Astrophysics (Index)About


(2017 gravitational wave detection from a neutron star merger)

GW170817 was a GW detection by LIGO and Virgo for which a corresponding gamma-ray burst (GRB) was detected (a short burst, or SGRB, occurring 1.7 seconds later, GRB 170817A), and for which the source was found through checking for transients within the region of the celestial sphere (e.g., with the Víctor M. Blanco Telescope DECam) that was indicated through triangulation from the three detectors. As such, it the first case of a new type of multi-messenger astronomy, observation via EMR as well as other media. Virgo's detection was weak (i.e., a low signal-to-noise ratio) and the fact that detector sensitivity depends upon the direction of the source was a factor in reducing the region of the sky for searching. The source was in the galaxy, NGC 4993.

The event has been interpreted as a neutron star merger due to the pattern of gravitational waves (the signal detected lasts longer because the lower mass of neutron stars results in a slower orbital decay). It is observationally a transient somewhat like a supernova (SN), but showing less EMR-power and a different subsequent evolution, falling under the class of kilonova (a SN-like transient but with less power). The event has been the subject of much study, being the first such observation in which the underlying event is so certain. Among the revelations:

The r-process is expected since the shock of impact sends neutrons flying free, and is detected through the EMR produced by hot elements, heated for a while by radioactivity (e.g., beta decay), all consistent with the products of r-process nucleosynthesis. Among the effects is high opacity soon after the merger, due to the presence of elements heavier than iron. Early EMR observation was to a degree indistinct, which is attributed to the effects of relativistic speed of ejected material. Interpretation suggests the two neutron stars first merged into a hypermassive neutron star (HMNS), and about a second later, collapsed into a black hole. Given the scenario most likely to form a binary neutron star, the decay of its orbit would take a very long time, and estimates are that this system's orbit decayed over 11 gigayears leading up to the merger.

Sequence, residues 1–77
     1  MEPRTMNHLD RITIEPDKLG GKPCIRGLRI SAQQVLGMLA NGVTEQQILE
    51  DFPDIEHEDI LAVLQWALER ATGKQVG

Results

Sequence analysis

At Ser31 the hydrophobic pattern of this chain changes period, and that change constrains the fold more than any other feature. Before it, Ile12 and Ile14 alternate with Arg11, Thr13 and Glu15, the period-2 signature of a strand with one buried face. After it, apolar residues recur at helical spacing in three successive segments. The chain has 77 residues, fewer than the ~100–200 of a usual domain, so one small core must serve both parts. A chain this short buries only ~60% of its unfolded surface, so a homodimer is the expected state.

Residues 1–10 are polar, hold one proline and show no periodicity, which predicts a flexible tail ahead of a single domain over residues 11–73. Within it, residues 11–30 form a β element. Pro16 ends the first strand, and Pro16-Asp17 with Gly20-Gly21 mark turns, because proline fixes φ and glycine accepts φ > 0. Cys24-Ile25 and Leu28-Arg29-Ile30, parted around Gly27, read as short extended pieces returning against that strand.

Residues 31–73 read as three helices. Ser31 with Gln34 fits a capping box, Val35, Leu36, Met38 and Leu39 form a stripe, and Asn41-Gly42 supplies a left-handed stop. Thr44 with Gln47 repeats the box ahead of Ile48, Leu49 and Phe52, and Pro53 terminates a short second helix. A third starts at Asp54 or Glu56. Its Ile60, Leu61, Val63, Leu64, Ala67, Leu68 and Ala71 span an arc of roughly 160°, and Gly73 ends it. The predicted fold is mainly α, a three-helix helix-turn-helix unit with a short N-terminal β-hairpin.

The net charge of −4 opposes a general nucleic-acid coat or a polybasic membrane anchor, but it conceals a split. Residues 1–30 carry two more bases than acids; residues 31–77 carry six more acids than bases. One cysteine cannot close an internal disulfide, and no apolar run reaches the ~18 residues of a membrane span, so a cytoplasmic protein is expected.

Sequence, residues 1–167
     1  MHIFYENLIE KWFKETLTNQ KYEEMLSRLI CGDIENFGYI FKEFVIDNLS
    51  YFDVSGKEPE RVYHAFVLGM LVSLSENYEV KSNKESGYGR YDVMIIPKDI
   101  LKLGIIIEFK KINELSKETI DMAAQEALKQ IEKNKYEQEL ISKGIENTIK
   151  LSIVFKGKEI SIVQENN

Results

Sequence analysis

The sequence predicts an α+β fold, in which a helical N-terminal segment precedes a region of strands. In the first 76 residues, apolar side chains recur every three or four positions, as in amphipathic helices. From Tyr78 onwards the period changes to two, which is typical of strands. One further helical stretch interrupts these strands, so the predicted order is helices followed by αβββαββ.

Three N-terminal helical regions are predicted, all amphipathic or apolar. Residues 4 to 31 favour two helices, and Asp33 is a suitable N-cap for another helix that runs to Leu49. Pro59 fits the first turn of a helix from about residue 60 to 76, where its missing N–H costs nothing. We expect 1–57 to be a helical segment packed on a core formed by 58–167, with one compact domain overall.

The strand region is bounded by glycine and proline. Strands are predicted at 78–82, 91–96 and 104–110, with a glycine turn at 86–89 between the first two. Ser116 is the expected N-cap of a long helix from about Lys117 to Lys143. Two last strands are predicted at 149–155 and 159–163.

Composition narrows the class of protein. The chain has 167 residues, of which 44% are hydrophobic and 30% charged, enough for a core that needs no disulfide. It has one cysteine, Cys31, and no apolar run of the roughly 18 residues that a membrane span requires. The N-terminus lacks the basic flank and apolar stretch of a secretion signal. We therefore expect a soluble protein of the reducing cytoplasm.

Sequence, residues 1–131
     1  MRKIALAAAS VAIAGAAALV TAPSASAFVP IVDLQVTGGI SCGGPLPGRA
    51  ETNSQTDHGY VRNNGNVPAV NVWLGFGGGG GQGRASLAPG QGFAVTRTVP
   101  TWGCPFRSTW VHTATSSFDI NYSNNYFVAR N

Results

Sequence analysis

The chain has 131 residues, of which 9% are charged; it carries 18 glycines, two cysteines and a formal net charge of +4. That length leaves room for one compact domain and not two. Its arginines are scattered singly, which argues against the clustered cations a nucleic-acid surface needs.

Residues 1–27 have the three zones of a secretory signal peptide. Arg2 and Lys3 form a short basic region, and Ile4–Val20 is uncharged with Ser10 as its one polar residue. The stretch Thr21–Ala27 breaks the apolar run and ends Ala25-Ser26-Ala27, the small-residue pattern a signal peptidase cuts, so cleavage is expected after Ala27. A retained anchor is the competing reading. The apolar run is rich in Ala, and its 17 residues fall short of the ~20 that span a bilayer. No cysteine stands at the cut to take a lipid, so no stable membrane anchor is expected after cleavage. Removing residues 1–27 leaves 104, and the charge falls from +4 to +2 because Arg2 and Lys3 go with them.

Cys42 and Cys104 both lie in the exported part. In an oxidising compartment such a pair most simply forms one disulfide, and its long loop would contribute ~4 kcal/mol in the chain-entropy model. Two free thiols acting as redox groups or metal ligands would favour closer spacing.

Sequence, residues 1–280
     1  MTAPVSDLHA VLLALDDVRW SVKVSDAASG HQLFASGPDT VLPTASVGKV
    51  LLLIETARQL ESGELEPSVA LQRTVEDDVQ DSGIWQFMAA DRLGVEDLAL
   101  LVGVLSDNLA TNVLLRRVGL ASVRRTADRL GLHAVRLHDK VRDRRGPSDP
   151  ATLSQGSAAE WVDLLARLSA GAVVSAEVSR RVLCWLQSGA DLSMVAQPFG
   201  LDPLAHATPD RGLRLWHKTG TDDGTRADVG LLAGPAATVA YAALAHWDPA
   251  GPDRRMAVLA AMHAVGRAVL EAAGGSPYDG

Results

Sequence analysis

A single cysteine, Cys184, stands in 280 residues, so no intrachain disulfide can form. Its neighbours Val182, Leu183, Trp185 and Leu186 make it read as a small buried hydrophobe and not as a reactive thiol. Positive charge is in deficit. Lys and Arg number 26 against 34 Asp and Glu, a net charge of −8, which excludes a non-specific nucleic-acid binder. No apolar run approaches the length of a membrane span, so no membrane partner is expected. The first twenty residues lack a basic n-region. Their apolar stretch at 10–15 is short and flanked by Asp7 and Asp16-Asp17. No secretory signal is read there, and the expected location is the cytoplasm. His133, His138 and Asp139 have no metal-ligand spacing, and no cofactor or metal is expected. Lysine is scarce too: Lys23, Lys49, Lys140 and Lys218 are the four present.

(gravitational waves,event,gamma rays,neutron stars,transient)
Further reading:
/Lookback Years

Referenced by pages:
gamma-ray burst (GRB)
gravitational wave (GW)
GW detection (GW)
hypermassive neutron star (HMNS)
kilonova (KN)
neutron degenerate matter
neutron star merger
Swope Supernova Survey (SSS)